Short Film Calls for Sexual Pleasure Equality Women Have Long Been Denied
Sexual wellness brands and educators have a challenging time promoting themselves on social media, where content is heavily moderated. An adult store in Iceland went so far as to hide sex toys in a real-estate listing.
Klick Health created a new four-minute video for PodHER (formerly EmpowHer), a female, Latina-run organization behind 2020's "The Call," which outlined unconscious bias in healthcare. This time, the company tackles sexual inequality, female pleasure and self-exploration, and cleverly avoids social media algorithms in the process.
In "Thirst," water and music are the main metaphors. There's a woman in a bathtub, a dripping faucet, shots of the woman in social settings, but seemingly her mind is elsewhere. Music softly plays. She's at a pool, an aquarium, at a lake, passing by signs that say don't touch, or no swimming.
The woman runs into the woods as the tub fills with water. The music gets louder, the beats get harder. She plays with the bathwater and runs to the top of a cliff. She jumps. Waves crash, she's underwater. Happy. She resurfaces in the ocean and in the bathtub. As the tub runneth over, copy appears on screen: "For too long, women have been denied the freedom to fearlessly pursue pleasure. Help us change that."
We spoke with Andrea Bistany and Amy Fortunato, creative directors at Klick Health, about the film, its purpose and why social media algorithms need to change.
Muse: What's the goal of the film?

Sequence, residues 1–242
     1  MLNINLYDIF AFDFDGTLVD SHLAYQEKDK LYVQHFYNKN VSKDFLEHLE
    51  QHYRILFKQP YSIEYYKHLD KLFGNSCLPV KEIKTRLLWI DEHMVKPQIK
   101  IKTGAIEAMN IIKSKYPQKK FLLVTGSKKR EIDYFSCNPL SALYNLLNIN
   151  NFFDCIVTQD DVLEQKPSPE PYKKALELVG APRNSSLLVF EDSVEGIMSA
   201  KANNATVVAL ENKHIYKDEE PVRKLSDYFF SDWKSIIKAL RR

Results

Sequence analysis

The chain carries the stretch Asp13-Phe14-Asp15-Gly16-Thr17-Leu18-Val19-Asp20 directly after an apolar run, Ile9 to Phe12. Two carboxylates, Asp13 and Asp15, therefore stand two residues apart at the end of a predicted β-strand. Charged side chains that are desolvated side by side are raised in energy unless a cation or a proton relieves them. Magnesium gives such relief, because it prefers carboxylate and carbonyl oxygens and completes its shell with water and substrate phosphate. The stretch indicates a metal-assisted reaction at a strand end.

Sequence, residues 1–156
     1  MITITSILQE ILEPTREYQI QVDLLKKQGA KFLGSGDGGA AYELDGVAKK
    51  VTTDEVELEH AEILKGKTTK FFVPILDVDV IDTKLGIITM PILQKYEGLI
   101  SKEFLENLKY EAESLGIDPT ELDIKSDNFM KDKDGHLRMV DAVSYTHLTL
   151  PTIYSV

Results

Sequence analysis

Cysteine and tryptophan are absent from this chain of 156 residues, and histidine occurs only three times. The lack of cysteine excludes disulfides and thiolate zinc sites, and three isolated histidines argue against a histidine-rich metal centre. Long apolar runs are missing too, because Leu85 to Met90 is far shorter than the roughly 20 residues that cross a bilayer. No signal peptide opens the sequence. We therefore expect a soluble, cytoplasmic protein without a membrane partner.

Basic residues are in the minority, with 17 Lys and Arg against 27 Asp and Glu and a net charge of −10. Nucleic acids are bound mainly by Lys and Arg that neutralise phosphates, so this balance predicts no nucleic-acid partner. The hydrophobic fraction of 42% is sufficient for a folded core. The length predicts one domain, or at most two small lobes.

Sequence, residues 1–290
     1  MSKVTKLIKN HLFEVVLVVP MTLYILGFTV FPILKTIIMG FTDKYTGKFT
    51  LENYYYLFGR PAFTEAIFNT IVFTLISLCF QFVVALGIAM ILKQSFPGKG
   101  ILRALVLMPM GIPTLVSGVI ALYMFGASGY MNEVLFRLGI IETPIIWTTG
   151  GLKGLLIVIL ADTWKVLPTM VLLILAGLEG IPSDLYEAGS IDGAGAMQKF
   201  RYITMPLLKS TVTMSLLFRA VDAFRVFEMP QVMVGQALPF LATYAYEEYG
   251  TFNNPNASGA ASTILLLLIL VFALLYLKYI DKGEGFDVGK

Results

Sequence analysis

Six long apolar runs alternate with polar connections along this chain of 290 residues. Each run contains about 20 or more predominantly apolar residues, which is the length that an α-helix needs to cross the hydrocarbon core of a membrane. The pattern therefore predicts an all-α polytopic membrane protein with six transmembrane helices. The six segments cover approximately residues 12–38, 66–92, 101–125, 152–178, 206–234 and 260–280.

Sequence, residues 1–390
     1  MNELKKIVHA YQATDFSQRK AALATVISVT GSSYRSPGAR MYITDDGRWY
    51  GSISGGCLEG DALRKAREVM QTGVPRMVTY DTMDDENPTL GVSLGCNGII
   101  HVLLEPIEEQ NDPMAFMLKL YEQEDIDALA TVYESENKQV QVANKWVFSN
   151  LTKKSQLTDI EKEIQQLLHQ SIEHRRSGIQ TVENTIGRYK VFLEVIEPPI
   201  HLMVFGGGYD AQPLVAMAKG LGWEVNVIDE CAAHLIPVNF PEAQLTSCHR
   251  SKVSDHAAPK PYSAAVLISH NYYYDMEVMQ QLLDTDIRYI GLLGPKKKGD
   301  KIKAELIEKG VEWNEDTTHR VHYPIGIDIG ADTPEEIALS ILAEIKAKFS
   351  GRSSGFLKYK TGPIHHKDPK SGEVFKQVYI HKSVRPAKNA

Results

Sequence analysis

Andrea Bistany and Amy Fortunato: First, we set out to ignite conversation around sexual health inequality and the overlooked role pleasure plays in both individual and public health. Second, to drive to our petition fighting social media's discriminatory algorithms that prevent the platform from being the powerful educational tool in closing the pleasure gap it has the potential to be.
In the healthcare advertising industry, there are few, if any, conversations around female pleasure. This needs to change. Integrating pleasure into sex education can increase people's knowledge about sexual communication, consent, and safer sex behaviors—all crucial aspects of sexual and public health. Our message of sexual health equality feels even more important now in a time when our very own bodily autonomy is challenged.
Explain how you came up with a way to avoid social media algorithms.
Our film outsmarts the social media censorship algorithms using metaphors that would not be flagged or hidden by A.I. We used water as a visual metaphor for the physical sensation of female pleasure to show a woman on a journey of self-exploration as she seeks what previously felt out of reach. "Thirst" is a film meant to make viewers feel the craving and desire women experience in pursuit of sexual equity and sexual pleasure. The film itself follows the rhythm of the sensation of pleasure and the building of a climax.
What do you hope viewers take away from the film?
We hope that viewers, especially women and vulva owners, feel empowered to pursue their own pleasure! Because we live in a culture of over-privileging male sexuality and overvaluing penetrative sex, many women don't feel empowered to explore their bodies or prioritize their own pleasure.
Production Company: The Youth
Direction and story: YUCA
Music production company: Jamute
Musical production: James Pedrozo Pinto and Marcos Vaz
Original music: I wish I knew how it would feel to be free - Nina Simone